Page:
Welcome to M.E. BAILEY ART . . . .

Here you will find adventures in painting. . . . Victories, absolute defeats, frustrations, highs, lows, lessons learned, commentary and thoughts from me and other artists.

As an art instructor, I don't wish to hide the fact that I crash and burn often. I will always be learning. So, it all gets shown here . . .good and bad. Every painting we do counts in the learning and experience process. The failures actually are much better teachers than successes. Every piece made is a teacher. That's the fun of it: the challenge to learn.


Join in and comment or email me, if you would like.

Tuesday, June 25, 2013

Awakening to The Light

Watercolor 22 x 15 inches

May 23 was the date of my last post.   It was the day before my wife and I left on a fabulous road trip, from which I only just returned, which included lots of painting.

We drove south down the eastern side of California after crossing the Sierras over a 9900 foot elevation pass which is only open three to four months of the year (lotsa snow!)   One of the great parts of the trip was to meet with several other painters in Santa Fe, New Mexico then on to a wonderful three days of continuous painting together at Ghost Ranch . . . .the famous retreat of Georgia O'Keeffe.

I learned something on this trip.   To get out of bed before sun up and get outdoors just as the sun is coming over the horizon.   I know that sounds rather silly to be blogging about, but I must say that there are paintings everywhere at that time of the day . . . . .the light is coming in horizontally with  a golden hue that seems to make everything glow.   Mind you, I would much rather sit about in a leisurely way drinking my morning coffee and begin the days operations around 8 to 9 AM.   Shadows are so very dramatic at that time of day which set up completely unique value schemes for dramatic compositions that I could never have imagined.

The painting above of a baker taking a break at that time of day was but a single incident caught on my camera on one of those days.   There are few people out at that time, but those who are are usually "interesting" in some unique way.   If you are wondering why I found this time of day so special, I can explain easily . . . . . .I live in a part of the world where fog is the order of nearly every day in the early mornings.   Being close to the edge of the ocean has its pleasures, but golden sunny mornings are somewhat rare.   Early risers face cool gray, overcast mornings where there is little shadow.    Being in the southwest was a glorious change for me as a painter.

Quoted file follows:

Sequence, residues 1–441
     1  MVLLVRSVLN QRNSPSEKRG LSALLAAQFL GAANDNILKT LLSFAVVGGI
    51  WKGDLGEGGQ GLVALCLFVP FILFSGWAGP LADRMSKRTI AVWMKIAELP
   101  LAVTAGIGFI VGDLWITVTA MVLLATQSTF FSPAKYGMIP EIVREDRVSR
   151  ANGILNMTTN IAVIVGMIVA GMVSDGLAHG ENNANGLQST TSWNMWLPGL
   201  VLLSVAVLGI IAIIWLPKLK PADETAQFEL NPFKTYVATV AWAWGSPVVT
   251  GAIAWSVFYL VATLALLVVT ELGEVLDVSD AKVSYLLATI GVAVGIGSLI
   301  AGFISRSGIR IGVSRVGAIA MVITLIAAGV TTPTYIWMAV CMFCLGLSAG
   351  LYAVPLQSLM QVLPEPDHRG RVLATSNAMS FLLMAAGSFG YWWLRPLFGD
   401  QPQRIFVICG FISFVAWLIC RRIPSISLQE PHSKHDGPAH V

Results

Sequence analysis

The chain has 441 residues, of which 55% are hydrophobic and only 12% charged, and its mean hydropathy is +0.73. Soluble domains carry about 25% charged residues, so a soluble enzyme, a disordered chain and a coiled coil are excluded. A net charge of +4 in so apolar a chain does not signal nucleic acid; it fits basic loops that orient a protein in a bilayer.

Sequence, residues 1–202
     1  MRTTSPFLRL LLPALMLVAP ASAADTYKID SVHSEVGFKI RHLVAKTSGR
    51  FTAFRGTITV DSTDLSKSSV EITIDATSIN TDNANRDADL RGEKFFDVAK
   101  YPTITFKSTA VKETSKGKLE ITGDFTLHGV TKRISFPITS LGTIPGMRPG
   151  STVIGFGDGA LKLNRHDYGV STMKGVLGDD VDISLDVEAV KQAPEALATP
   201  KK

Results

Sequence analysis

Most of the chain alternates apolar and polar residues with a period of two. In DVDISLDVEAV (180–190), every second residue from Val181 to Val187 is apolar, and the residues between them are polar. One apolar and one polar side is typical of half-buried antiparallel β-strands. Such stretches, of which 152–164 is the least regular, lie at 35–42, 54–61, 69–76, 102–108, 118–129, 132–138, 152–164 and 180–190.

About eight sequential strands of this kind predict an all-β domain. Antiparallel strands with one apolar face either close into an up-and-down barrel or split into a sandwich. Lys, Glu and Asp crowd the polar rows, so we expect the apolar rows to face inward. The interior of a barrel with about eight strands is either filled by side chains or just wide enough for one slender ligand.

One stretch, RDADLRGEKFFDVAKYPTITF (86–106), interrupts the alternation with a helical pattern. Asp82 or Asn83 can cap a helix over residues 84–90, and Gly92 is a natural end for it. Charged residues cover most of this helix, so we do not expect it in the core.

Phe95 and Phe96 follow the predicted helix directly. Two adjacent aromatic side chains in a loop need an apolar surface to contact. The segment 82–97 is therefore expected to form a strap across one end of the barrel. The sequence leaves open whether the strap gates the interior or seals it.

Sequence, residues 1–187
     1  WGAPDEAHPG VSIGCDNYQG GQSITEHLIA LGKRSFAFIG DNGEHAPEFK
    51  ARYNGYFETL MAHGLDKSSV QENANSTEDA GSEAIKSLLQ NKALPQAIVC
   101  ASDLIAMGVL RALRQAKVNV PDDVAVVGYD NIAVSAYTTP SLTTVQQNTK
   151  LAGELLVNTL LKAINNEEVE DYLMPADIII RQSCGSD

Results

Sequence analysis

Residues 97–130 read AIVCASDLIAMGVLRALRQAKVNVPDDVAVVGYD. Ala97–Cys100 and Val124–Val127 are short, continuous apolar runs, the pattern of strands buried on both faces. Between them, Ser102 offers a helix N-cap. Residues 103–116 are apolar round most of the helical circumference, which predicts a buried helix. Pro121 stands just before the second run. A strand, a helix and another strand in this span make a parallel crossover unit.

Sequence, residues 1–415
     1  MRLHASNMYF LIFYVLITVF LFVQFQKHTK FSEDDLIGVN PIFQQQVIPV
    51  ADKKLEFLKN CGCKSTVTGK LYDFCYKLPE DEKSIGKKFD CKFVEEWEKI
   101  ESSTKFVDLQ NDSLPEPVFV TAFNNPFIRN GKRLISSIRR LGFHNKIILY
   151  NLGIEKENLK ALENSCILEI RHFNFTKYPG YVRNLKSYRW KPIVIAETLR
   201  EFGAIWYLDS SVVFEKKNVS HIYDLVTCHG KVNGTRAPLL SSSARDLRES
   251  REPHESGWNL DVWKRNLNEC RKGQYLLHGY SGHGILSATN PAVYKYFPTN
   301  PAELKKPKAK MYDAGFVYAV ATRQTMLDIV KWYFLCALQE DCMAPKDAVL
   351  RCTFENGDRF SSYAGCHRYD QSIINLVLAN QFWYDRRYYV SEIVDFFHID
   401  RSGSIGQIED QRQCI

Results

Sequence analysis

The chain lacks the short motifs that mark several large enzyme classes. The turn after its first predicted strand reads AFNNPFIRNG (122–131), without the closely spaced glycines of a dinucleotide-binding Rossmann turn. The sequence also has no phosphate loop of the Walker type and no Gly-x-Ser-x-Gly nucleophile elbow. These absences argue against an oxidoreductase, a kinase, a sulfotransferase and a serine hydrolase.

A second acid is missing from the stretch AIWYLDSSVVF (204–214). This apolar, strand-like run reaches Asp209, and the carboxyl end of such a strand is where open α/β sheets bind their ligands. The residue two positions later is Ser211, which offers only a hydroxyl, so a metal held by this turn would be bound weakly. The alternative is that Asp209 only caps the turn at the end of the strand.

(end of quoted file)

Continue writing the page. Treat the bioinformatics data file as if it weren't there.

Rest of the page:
By the way, this painting, like most all of my paintings, was an experiment.   The challenge with this painting was to make the figure on the hydrant appear to be close to the viewer without using some absurd dramatic effect.   If you can imagine him to be in the foreground while all else in the picture space to be in the "background" (a term I rarely use), you will quickly understand my painting strategy as I explain it here:   To use all transparent watercolor on the entire background and to push the colors there toward cool, neutral grays.   If there was color there, the intention was to take the "edge" of the color saturation and press it toward cool.   Additionally, to reduce the amount of contrast in the back ground so there would not be attention grabbing distractions there.   To bring the subject forward and to have him appear closer, I painted him entirely with gouache . . . .very opaque watercolor . . . . . his opacity versus the transparency of the background brings him forward in the picture space almost to the extent that the viewer has a sense of wanting to touch the figure.

I have been playing with this strategy for some time and find the different opaqueness of the parts of the paintings to be a most valuable tool.   I am using it more and more in my work.

Thanks to digital cameras, I came home with virtually hundreds of reference photos with some very dramatic scenery full of amazing light and shadow.   And, since being home, I have been stowed away in my studio furiously slobbering paint on various surfaces.   A most exciting time!!  


Ruth Armitage said...

Beautiful painting Mike. I look forward to seeing more from your early morning jaunts! I love your writing abou the process too: "Stowed Away in the studio, furiously slobbering paint..." great voice :)

Anne White said...

I have been doing some color experiments lately and was just wondering if you think you could have done the same thing with pure watercolor hues instead of the opaque paint? The use of subdued, nutralized color in the background against the purer forground color...could that work? Just interested in your opinion.
I love the painting.

Anne Hightower-Patterson

PS We met at Kanuga several years back, but I am certain you have no memory of me.

Mike said...

Yes, Anne, there are more than one way to skin the cat, so to speak. Your thoughts are completely valid. I just chose this path as an experiment. What I learned from it is that the subject seems more solid or to have more mass than the transparent parts of the composition. It is just another way to insert a subtle contrast that the viewer may not notice. The transparent approach is just as valid.